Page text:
Free Colonia del Sacramento Tour and Pictures - artisana Free Colonia del Sacramento Tour and Pictures - artisana Free Colonia del Sacramento Tour and Pictures - streets
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"Shopping Center" - few artisan shops and boutiques where you may come across interesting, fashionable items at reasonable prices.

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Free Colonia del Sacramento Tour and Pictures - Museums Free Colonia del Sacramento Tour and Pictures - Museums Free Colonia del Sacramento Tour and Pictures - Museums
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Colonia del Sacramento - a place when time goes at much slower pace....

  Today, the abandoned bullring on the outskirts of Colonia is no more than pieces of crumbling ruins. Due to its poor condition and danger of collapse, the structure is closed to visitors. Although not a part of Colonia’s Barrio Historico, this lonely, century-old Moorish-style structure located in the “middle of nowhere” is still worthy of visitors’ attention. The nearby beach with a snack bar offers an extra incentive to visit.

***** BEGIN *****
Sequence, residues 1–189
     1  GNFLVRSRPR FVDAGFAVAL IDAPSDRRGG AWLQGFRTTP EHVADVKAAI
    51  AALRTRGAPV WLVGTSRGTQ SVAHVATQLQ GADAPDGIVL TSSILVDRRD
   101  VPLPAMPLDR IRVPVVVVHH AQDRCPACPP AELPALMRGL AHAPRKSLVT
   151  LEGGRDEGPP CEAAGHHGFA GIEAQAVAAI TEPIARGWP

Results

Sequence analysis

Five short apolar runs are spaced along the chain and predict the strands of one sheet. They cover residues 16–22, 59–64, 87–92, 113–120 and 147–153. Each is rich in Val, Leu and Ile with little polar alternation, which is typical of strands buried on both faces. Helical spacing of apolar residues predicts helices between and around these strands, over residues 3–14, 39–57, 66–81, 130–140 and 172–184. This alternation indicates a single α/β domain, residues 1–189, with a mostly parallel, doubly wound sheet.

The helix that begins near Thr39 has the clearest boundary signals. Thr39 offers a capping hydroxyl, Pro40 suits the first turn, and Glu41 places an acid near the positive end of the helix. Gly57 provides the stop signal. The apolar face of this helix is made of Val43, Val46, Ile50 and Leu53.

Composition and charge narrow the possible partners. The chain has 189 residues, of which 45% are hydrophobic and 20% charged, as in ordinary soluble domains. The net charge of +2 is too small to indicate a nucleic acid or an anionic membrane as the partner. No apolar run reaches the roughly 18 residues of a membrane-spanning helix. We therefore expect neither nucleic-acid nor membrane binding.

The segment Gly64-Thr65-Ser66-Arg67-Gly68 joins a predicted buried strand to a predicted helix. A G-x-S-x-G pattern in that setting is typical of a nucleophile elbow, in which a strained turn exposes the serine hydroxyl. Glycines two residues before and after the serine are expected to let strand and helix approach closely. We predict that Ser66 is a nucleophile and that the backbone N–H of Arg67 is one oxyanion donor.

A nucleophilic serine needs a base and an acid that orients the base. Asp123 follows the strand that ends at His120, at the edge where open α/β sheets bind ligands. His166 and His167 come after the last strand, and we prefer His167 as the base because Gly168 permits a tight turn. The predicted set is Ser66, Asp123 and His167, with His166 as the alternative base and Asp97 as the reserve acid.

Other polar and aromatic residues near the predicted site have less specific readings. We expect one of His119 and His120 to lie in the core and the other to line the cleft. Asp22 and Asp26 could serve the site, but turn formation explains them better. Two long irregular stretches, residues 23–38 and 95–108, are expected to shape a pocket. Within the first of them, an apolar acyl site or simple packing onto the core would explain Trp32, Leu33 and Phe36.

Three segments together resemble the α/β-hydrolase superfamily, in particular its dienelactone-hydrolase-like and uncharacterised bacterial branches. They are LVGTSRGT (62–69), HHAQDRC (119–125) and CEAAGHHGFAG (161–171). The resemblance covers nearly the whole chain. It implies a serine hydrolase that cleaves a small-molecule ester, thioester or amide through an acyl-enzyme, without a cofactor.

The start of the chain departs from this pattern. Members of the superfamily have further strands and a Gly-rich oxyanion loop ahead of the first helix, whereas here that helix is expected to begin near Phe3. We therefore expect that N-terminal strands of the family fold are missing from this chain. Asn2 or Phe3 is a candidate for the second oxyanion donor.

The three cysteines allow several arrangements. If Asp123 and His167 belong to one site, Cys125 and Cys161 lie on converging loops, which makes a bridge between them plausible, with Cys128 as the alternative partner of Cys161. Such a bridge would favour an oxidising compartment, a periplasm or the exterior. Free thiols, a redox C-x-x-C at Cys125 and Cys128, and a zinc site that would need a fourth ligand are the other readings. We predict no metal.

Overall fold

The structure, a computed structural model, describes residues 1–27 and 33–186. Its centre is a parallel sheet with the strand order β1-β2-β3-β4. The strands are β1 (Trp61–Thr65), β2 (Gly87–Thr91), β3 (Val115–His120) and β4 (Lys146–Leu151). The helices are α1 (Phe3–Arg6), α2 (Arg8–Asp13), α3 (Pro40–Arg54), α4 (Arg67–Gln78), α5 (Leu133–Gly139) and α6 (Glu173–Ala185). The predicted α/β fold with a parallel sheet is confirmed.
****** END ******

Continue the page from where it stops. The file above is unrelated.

After many years of neglect, the “jai alai” stadium was renovated in 1974 for the World Cup of Pelota, hosted by Uruguay. But today, only the Real de San Carlos racetrack is still in use. 

Getting There & Around 

     Although Colonia de Sacramento is accessible by land from about 160 km (100 miles) away Montevideo, most tourists arrive from nearby Buenos Aires, located only some 50 km (32 miles) across the Rio de la Plata.

The fast service by Buquebus from Puerto Madero makes the trip to Colonia in less than one hour. This short boat trip combined with an often-remarkable sunset over the La Plata waters during the evening return will make your voyage into the past an even more memorable odyssey.

Barrio Historico occupies a relatively small area, so the best way to get around is on foot, though there is one caveat: some streets’ original cobblestones remain from early colonial times. These quaint but uneven surfaces make walking difficult for most.

Also, the roots of the beautiful trees that line the streets have grown under and damaged many sidewalks, so be careful when walking, but take it gracefully as a part of your journey to the past.